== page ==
Jonathan Fairbanks and Clyde Edwin Tuck

Past and Present of Greene County, Missouri

Early and Recent History and Genealogical Records
of Many of the Representative Citizens


WILLIAM M. MAXWELL. In writing a work of the nature of the one in hand, the biographer is surprised at the preponderance of Greene county citizens who were born in Tennessee or are sons of Tennessee parents. This locality has been lucky in securing such a good class of citizens, and it is safe to say that it would not now be nearly so prosperous had not these courageous, industrious and law-abiding people cast their lots here. William M. Maxwell is among the number. His earlier years were spent in agricultural pursuits, later he engaged in the grocery business in Springfield in various places for a period of many years, and he is now serving as justice of the peace.

Mr. Maxwell was born in Warren county, Tennessee, October 12, 1867. He is a son of Rufus and Jane (Vickers) Maxwell. The father was born in Jackson county, Alabama, and there he was reared to manhood, and was educated in the early day schools there; he was married in Scottsboro, that state, and he spent his life engaged in general farming and stock raising in his native state and in Tennessee, dying at Valley Head, Alabama, in 1911. Politically, he was a Democrat. The mother of our subject attended the common schools and she is still living in Warren county, Tennessee, being now advanced in years.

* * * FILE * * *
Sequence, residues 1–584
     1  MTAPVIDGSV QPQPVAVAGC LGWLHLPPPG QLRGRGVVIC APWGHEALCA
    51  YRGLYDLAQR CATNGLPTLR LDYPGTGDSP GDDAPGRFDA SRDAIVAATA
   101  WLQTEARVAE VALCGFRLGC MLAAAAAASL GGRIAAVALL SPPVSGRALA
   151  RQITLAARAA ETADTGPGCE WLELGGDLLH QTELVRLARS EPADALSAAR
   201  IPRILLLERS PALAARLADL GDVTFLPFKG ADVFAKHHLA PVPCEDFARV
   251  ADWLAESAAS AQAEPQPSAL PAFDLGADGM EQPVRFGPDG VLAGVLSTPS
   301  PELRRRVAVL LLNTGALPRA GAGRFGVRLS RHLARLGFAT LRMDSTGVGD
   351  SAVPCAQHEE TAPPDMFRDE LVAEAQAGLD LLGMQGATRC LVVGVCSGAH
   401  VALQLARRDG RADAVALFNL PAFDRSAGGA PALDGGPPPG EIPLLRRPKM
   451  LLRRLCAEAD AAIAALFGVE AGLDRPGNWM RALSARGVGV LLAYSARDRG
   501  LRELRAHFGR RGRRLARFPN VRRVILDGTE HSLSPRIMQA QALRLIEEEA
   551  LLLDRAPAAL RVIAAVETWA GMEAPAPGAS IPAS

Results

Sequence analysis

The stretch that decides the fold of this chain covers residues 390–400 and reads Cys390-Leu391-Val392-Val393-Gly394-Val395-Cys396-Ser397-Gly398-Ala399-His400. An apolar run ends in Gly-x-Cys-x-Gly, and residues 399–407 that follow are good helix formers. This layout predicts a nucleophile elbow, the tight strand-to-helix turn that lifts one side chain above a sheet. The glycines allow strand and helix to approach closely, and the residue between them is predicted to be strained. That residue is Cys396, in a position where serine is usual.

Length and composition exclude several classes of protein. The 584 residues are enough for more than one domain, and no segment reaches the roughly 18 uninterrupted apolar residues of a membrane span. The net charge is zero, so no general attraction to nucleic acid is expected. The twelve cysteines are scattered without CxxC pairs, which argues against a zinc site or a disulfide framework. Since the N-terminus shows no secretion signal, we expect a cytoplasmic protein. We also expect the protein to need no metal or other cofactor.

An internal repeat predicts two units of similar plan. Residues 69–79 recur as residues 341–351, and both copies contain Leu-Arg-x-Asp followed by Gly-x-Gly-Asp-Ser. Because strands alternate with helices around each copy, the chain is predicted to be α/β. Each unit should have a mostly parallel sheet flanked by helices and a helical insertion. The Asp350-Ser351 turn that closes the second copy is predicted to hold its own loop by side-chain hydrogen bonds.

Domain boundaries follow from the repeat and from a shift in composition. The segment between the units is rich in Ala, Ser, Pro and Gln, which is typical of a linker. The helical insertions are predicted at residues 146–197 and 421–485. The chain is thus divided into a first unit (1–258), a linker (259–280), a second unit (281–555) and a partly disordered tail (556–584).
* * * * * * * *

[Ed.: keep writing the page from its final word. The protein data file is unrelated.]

William M. Maxwell, who was the only child of his parents, grew to manhood on the homestead in Warren county, Tennessee, where he assisted his father with the general farm work when he became of proper age, and there he received a limited education in the public schools. He began life as a farmer, which he continued successfully until 1898, when he left his native state and came to Springfield, Missouri. He first engaged in the grocery business, in which he was uniformly successful, and operated a store at several different places, in later years his location being on West Commercial street. Four years ago he moved his business to the corner of Broad and Chase streets. He always carried a full line of staple and fancy groceries and, dealing honestly and courteously with his many customers retained their good will, and he continued in this business until in. February, 1914, when he was appointed justice of the peace by the county court for North Campbell township, and he has since been faithfully discharging the duties of the same in a manner that reflects much credit upon himself and to the satisfaction of all concerned. He has a very suitable office at 212 1/2 East Commercial street. His decisions are marked by firmness and ability as to law and justice. He owns a -good home on West Chase street.

Mr. Maxwell was married on December 28, 1897, in Lafayette, Georgia, to Bessie Derbery, who was born at Coal City, Georgia, and was a daughter of John and Martha Derbery, natives of that locality in Georgia, also where they were all reared, educated in the common schools and were married. The death of Mrs. Maxwell occurred on August 1, 1907. She was a woman of many of the winning characteristics of the Southern lady and was a favorite with her many friends.

To Mr. and Mrs. Maxwell one child was born, William Rufus, whose birth occurred in Springfield, Missouri, October 28, 1898. He is now attending high school.

Politically, Mr. Maxwell is a Democrat and loyal in his affiliations to the party. Fraternally, he belongs to the Independent, Order of Odd Fellows, the Knights of Maccabees and the Modern Woodmen. Religiously, he is a member of the Central Christian church.

[1624-1625]


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